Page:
A premature surrender?
Does anyone have a jet ski to spare?
Remember the campaign boast of President Rody that the way to solve the Spratlys dispute with China was for him to take a jet ski to the nearest shoreline and plant the Philippine flag there? Even if the Chinese do arrest him or shoot him down for his daring, he said, it was all right because he had always wanted to be a hero.
There was no sign of that brash, daring leader in the past few days. Instead, what we got, in the face of a clear, unequivocal verdict in favor of the Philippines by the Permanent Court of Arbitration in The Hague, was a sour-faced acting foreign secretary (“looking like he had lost a family member,” said an FB wag) cautioning “sobriety” on the part of Filipinos.
What was this? We had not yet gotten off the ground with our celebrations and already authorities were throwing cold water on our rising euphoria?
True, even former president P-Noy had sought to downplay our boasting, saying the PCA’s favorable verdict was a victory not just for Filipinos but for “all,” since it managed to clarify a situation that had been bothering countries surrounding the South China Sea.
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Of course, no one wants war, not even the most jingoistic warmongers among us. But neither should we surrender our hard-won ground, nor soften our conviction that we have territorial dominance over waters and isles and rocks that the PCA had declared fall within our jurisdiction.
“Explore” options for cooperation and joint development, sure, but we can do that even as we continue to assert our legal claim now affirmed by an international tribunal.
Isn’t it strange how Mr. Duterte and his officials tolerate—even encourage—the summary arrests and killings of our own people on mere allegations of drug use, while seemingly kowtowing to a foreign power? Of course, China is a far more formidable opponent, much more deadly than vicious drug lords and heartless syndicates. But the threat the Chinese Dragon presents for now is mostly verbal and consists of hard-line positioning. It hardly helps that we seem to be folding and backtracking even before a single shot has been fired.
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When a fire hit the Faculty Center of the University of the Philippines Diliman some time back, I was by turns touched and amused when students, staff and faculty (including Chancellor and Inquirer columnist Michael Tan, as well as retired professor and Inquirer columnist Randy David), and alumni (including my daughter) posted tributes to the iconic building and the memories “enshrined” there.
I expect that save for these personalities, the fire that gutted the “FC” was of little consequence to the rest of the nation. Although in terms of cultural and intellectual legacy, Filipinos as a whole lost an incalculable resource: books (many of them first-edition collections of faculty members), artifacts, student theses (the budding fruits of potential genius, naks) and of course, intangible memories of everyone who once walked the FC’s corridors. I, too, have my own memories of that building, attending several symposiums and discussions over the years, covering matters that ranged from the political to the personal (a memorable exchange from students and faculty on sexual harassment on campus, for one). But, not having an emotional connection to the campus (I went to a different university), I didn’t feel all that shaken or even stirred.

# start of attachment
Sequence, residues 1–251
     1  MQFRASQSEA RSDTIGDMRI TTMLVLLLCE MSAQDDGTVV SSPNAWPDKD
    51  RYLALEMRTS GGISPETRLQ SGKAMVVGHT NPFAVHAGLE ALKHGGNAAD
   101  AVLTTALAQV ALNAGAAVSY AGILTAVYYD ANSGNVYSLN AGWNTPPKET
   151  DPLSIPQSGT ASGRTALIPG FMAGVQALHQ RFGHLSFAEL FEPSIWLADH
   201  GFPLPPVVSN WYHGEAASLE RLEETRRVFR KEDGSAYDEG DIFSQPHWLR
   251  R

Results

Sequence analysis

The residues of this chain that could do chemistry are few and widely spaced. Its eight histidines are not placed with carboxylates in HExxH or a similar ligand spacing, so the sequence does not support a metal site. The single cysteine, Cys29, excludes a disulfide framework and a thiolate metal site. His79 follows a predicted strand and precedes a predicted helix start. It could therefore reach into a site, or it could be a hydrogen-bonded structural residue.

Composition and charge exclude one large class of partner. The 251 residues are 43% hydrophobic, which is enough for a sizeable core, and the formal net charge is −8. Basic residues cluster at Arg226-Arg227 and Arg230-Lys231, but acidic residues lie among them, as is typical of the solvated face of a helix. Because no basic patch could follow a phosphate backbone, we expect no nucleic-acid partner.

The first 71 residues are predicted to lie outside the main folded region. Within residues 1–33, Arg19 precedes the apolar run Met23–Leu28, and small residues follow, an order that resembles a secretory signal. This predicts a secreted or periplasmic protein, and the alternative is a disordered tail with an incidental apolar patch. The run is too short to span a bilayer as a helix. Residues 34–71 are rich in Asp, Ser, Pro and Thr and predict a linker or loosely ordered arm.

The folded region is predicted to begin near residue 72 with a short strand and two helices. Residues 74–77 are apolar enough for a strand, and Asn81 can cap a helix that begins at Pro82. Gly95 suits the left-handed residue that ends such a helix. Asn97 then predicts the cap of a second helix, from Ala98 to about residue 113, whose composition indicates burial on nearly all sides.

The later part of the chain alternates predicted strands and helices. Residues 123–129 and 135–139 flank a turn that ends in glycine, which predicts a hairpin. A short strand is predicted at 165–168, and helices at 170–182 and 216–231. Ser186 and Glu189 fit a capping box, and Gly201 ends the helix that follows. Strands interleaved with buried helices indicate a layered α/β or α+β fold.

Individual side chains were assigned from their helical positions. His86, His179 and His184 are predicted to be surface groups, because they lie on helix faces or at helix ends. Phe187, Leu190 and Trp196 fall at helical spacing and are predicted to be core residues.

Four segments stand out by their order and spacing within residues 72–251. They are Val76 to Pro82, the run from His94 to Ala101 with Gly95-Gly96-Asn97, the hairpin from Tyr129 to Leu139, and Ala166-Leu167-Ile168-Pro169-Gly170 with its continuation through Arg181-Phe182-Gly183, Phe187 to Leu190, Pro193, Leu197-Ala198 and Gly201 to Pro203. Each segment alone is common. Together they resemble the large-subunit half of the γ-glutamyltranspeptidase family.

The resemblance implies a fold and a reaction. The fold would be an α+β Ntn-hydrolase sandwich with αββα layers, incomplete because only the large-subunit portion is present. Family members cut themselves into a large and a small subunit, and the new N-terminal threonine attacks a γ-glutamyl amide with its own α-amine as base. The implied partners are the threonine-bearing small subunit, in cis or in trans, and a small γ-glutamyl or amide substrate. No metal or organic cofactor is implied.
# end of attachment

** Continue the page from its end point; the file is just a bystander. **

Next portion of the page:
But yesterday morning, a fire gutted Shoppersville on Katipunan Avenue and I felt as if part of my youth had gone up in flames. To Maryknollers—and Ateneans and UP folks, too—Shoppersville has been a favorite hangout since 1968, the year I graduated from grade school, by the way.
I understand that the place had faded in appeal somewhat, especially since restaurants, fast-food concerns and even a mall (the UP Town Center) had sprung up in the vicinity. But residents of the Loyola Heights/Diliman district still looked on Shoppersville as a convenient, familiar and comforting presence.
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So while no historic or important books or documents were lost in yesterday’s fire, the flames did take with them a tangible reminder of this and subsequent generations’ youthful foibles.
My strongest memory of Shoppersville, as I laughingly told my husband, was crossing Katipunan Avenue while discreetly folding the waistband of my uniform, to raise it from the regulation knee-length dictates of the Maryknoll nuns and teachers, to halfway up my thighs, which was the daring fashion of the day. All this in hopes that “boys” would likewise be hanging out at the snack bar on the second floor.
Shoppersville was a convenient outlet for school supplies, snacks and gift items that young people coveted, yes. But more important, it provided a safe environment for off-campus socializing and incubating budding romances. I wonder how many couples met up in Shoppersville, mooning over milk shakes and cupcakes, while looking around to check if teachers (as they threatened) were patrolling the premises.
“They’re pouring concrete on a part of me,” goes a song bemoaning the disappearing landmarks of youth. Who knows what will take the place of the rubble to which Shoppersville had been reduced? On social media, there are speculations that the fire was actually triggered by plans to build yet another condominium building on Katipunan. There goes the neighborhood, and with it, a once-indelible reminder of the young people we once were.
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